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x′′ + λx = 0, x(0) + x′(0) = 0, x(1) = 0

I'm given this boundary value problem, and I'm supposed to look at the 3 cases of when λ > 0, λ = 0, and λ < 0. I can find the characteristic equations of these three cases with no problem, but the boundary conditions are giving me issue. Normally when I do these problems, I don't have x and x' in the same condition. Instead I'll have, for example, something like x(0) = 0 and x'(1) = 0. How can I solve this given these strange conditions.

My professor gave me the following hint: For this problem finding all the values of λ and the solutions will be tricky. So check whether λ = 0 works, and if so, find the corresponding solution. Also, find an approximate value for λ1, the nonzero value with the smallest absolute value, along with the corresponding function.

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  • $\begingroup$ I haven't learned either of those techniques $\endgroup$ – Hector Nov 17 '16 at 21:44
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For $\lambda=0$, we have that $x(t) = c_1 t + c_2$. Applying the boundary conditions gives $x(0) + x'(0) = c_2 + c_1 = 0$. Similarly, $x(1) = c_1 + c_2 = 0$. Thus, these are linearly dependent and we deduce that the solution for $\lambda=0$ is $c(x-1)$ for all $c \in \mathbb{R}$.

Case $\lambda<0$.

Then our solution is $$c_1 e^{\sqrt{-\lambda} t} + c_2 e^{-\sqrt{-\lambda} t}$$ Applying boundary conditions, $$x(0) + x'(0) = \sqrt{-\lambda}(c_1 - c_2) + c_1 + c_2 = 0 \implies (\sqrt{-\lambda} +1)c_1 + (1-\sqrt{-\lambda})c_2 = 0$$ With the second condition, $c_1 e^{\sqrt{-\lambda} } + c_2 e^{-\sqrt{-\lambda} } = 0$. Observing that this is a homogeneous system, the only time we will get a nontrivial solution is when the associated determinant vanishes, which can be calculated as $(\sqrt{-\lambda} +1)e^{-\sqrt{-\lambda} } - (1-\sqrt{-\lambda}) e^{\sqrt{-\lambda} }$. Assuming this is zero, we must approximate the solution of $e^{2\sqrt{-\lambda}} = \frac{(\sqrt{-\lambda} +1)}{(1-\sqrt{-\lambda})}$. This $\textit{does}$ have an approximate solution of $\approx -1.439 \dots$ (I do not believe that there is an analytic form). Also, please check for errors in the above.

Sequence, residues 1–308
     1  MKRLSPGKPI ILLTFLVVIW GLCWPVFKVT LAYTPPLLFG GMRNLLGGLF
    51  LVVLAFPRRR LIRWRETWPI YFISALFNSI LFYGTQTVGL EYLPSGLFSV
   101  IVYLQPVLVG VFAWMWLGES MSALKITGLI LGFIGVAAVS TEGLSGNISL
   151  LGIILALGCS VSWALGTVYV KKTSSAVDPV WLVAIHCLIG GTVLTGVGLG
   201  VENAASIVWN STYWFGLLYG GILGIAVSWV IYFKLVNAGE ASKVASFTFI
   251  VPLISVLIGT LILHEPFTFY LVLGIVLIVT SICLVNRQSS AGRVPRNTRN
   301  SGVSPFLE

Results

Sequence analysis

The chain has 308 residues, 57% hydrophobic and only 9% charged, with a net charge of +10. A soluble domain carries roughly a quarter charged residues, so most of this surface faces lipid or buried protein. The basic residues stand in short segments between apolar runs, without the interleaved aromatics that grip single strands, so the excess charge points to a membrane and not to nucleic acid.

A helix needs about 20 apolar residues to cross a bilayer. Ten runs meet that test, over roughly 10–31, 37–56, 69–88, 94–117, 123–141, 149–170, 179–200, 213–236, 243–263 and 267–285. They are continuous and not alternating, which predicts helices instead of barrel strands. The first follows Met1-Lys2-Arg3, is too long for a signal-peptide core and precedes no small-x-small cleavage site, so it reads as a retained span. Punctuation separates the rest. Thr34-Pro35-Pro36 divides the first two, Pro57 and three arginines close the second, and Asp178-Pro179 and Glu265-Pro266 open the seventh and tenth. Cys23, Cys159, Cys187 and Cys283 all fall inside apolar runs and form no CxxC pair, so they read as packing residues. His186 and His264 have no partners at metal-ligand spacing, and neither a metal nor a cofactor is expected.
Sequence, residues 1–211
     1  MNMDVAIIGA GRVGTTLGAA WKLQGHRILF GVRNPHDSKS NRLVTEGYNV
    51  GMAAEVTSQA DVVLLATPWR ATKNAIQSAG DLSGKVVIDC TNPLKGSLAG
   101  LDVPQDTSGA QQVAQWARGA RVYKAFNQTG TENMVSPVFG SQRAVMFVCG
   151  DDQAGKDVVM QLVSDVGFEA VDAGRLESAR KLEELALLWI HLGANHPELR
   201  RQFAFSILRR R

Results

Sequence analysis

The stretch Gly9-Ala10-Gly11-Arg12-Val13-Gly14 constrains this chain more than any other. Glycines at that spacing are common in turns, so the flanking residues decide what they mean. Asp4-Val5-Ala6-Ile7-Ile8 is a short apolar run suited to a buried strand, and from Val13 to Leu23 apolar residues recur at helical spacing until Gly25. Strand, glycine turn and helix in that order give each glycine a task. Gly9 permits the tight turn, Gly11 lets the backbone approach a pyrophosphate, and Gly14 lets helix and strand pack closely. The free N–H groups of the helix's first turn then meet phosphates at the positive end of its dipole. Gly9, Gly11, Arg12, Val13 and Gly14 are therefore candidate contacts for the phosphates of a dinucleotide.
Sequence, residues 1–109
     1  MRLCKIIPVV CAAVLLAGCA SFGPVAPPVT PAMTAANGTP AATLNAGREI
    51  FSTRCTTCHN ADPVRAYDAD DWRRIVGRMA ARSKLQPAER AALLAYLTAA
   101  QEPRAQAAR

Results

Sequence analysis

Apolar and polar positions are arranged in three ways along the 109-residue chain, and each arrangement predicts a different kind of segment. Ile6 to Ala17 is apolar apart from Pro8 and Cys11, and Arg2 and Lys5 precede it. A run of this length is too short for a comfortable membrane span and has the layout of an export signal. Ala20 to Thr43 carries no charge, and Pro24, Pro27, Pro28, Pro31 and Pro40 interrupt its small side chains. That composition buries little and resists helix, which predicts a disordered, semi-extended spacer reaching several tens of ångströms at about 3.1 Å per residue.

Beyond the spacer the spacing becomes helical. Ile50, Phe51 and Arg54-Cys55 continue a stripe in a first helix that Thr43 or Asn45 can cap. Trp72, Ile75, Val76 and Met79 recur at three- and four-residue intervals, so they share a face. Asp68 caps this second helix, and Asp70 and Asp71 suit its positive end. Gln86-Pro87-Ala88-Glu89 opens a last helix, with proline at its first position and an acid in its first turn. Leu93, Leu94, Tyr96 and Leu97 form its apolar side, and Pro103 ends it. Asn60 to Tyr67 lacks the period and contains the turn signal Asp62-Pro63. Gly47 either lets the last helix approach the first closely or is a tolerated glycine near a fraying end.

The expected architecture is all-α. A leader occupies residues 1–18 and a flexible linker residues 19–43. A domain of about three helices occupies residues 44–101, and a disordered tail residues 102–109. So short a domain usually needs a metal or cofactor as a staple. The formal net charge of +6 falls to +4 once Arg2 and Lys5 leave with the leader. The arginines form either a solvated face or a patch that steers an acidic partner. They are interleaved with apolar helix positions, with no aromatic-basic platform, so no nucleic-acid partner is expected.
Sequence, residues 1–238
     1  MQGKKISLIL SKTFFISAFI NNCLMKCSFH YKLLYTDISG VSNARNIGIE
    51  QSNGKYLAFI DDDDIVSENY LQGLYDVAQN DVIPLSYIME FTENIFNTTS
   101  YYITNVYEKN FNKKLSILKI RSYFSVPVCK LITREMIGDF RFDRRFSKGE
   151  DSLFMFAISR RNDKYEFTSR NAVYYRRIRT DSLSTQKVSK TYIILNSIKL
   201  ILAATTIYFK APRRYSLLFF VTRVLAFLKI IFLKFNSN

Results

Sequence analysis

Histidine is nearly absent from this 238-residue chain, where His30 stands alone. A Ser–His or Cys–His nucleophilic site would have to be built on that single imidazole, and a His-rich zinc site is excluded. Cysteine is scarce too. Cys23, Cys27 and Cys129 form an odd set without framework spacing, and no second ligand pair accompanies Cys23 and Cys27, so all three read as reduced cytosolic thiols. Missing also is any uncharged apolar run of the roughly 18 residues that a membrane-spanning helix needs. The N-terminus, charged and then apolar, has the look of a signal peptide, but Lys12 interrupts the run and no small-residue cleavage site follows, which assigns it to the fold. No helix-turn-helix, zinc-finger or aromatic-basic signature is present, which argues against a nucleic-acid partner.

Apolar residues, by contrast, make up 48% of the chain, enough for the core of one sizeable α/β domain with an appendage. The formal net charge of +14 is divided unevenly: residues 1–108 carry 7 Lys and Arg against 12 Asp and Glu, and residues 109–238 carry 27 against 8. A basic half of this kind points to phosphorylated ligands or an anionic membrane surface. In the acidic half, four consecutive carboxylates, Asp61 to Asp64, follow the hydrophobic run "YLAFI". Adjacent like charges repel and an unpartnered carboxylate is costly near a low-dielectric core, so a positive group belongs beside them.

Now, to solve for the constants, it is obvious that for the above value of $\lambda$, $c_2 = -c_1 e^{2\sqrt{-\lambda}}$. Plugging in, we see that $$x(t) = c (e^{\sqrt{-\lambda} t} -e^{-\sqrt{-\lambda} t + 2\sqrt{-\lambda}})$$

For all constants $c \in \mathbb{R}$ where $\lambda \approx 1.439 \dots$..

The case for $\lambda>0$ is handled similarly. I will not type out the full details but setting the associated determinant equal to $0$ will yield $\lambda = \tan (\lambda)$. Thus we actually have an infinite number of eigenvalues $\lambda$ for which there exists a solution. The associated solution (eigenvector) corresponding to any $\lambda$ is of course simple to find.

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